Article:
Huge parts of central Venice were engulfed last week by disastrous floods, with water suddenly rising over 180cm above mean water level. Climate change has been blamed for the unprecedented flooding, which is the worst to have struck the city in 53 years.
“Venice is on its knees… the art, the basilica, the shops and the homes, a disaster,” lamented Luca Zaia, governor of the Veneto region, before the second acqua alta hit on Friday.
At one of the most iconic buildings in Venice, St Mark’s Basilica, the crypt became half filled with water and the antechamber flooded to a depth of 70cm. The cathedral is the best-known example of Italo-Byzantine architecture, filled to the brim with dazzling gold mosaics, marble floors, and valuable Old Master paintings. This is only the second time in a century that the 1,000-year-old structure has flooded.
“We are essentially unable to protect ourselves,” said the engineer Pierpaolo Campostrini, one of the basilica’s procurators.
Venetian mayor Luigi Brugnaro said St Mark’s had undergone “grave damage,” although he offered no specific details. The 12th-century marble floor has perhaps sustained the worst long-term damage from the salty waters of the Adriatic Sea.
Unlike plumbing and electrics that can be repaired easily, submerged bricks and marble across Venice will gradually erode if not treated immediately. “When salt permeates the materials of these buildings, it crystallizes, and ascends vertically once the weather gets drier,” described Kobi Karp, principal at Kobi Karp Architecture & Interior Design.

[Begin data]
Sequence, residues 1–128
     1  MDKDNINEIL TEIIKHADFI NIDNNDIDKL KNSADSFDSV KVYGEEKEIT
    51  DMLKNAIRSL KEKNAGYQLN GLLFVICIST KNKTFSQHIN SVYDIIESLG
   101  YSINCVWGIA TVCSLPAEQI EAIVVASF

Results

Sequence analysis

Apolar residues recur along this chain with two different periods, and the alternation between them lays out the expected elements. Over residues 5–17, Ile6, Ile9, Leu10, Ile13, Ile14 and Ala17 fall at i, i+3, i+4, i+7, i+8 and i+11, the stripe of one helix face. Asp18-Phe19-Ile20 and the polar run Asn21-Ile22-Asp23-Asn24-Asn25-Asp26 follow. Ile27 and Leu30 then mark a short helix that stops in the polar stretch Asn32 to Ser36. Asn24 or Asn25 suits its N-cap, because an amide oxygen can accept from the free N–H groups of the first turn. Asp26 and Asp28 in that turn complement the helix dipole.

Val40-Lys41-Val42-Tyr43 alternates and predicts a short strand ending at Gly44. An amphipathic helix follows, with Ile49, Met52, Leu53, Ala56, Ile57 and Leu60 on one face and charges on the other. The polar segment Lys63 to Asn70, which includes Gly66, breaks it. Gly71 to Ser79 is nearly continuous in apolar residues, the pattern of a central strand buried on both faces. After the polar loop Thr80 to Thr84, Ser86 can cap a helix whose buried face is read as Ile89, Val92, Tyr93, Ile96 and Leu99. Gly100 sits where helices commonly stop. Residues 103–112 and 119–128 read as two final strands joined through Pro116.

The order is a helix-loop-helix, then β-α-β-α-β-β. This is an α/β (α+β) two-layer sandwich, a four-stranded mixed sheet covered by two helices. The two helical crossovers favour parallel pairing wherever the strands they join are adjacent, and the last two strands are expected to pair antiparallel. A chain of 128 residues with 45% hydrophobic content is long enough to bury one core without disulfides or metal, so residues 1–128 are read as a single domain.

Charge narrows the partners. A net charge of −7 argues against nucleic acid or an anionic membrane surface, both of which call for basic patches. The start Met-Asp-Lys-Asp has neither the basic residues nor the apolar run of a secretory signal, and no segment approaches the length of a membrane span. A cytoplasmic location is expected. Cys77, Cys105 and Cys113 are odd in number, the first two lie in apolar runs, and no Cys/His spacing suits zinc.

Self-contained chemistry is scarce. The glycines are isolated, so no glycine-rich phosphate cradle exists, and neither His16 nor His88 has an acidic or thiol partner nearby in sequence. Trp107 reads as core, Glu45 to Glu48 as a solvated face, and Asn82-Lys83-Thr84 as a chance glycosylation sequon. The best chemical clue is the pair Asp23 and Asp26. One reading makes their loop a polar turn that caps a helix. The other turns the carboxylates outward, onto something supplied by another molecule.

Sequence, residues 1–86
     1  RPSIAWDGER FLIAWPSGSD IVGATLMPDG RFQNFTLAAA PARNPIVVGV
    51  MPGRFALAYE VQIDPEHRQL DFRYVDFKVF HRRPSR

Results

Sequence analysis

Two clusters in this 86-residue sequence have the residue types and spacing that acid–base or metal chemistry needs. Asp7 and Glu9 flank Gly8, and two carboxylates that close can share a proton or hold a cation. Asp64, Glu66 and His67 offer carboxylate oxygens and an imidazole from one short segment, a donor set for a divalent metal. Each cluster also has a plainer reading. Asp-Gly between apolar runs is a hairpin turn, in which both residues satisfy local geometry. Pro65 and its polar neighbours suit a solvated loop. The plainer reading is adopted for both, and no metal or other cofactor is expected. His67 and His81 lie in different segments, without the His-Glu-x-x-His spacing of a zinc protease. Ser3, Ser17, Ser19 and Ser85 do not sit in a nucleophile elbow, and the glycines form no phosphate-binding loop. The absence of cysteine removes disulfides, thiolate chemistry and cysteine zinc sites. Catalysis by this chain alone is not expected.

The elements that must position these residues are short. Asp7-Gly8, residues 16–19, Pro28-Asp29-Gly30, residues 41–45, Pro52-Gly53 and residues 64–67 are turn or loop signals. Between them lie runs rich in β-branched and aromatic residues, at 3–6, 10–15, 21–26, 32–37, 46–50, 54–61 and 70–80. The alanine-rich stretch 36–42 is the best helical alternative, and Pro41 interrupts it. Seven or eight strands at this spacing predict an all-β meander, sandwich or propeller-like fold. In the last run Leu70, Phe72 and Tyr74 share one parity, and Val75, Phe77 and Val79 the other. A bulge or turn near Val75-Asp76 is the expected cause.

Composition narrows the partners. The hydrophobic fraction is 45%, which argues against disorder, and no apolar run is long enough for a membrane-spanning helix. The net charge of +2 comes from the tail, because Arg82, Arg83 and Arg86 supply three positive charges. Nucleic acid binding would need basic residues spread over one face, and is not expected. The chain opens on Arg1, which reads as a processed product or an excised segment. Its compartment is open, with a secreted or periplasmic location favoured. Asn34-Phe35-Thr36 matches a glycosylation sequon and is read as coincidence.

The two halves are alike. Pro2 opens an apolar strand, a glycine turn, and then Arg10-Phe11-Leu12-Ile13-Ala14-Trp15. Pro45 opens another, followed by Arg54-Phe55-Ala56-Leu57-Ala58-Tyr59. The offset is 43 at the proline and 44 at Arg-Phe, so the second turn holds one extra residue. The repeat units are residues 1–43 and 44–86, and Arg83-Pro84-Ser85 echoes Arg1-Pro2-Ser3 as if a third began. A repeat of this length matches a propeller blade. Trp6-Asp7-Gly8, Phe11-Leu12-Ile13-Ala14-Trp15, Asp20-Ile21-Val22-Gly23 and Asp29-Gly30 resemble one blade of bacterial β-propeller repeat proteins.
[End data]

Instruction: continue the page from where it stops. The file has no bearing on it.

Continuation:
Alongside local businesses, homes, and schools, the storm also directly impacted other Venetian heritage sites. Many museums and galleries were forced to shut as 80% of the city lay under water.
The Museo Archeologico Nazionale di Venezia remained open for as long as possible, having tweeted: “High tide? No problem if you are triton or a nereid! For the record: we are open, and we are waiting for your visit despite the awful weather.” But the catastrophic high tides eventually forced the museum to close.
According to a spokesperson for the 58th Venice Biennale, “due to the exceptional bad weather and extreme tidal conditions,” the art exhibition also temporarily closed during the floods.
Top attractions including the Accademia, the Ducal Palace and Correr Museum, announced that no works of art had been damaged following the floods, although several electrical fires were triggered at the International Gallery of Modern Art Ca’ Pesaro.
Specialists estimate that the city has borne at least €1 billion in damage (£857 million) after the first wave of floods, but this amount is likely to climb once an official survey has been conducted. The sheer number of cultural treasures at risk, in Venice and beyond, will only continue to rise as the consequences of climate change become increasingly evident.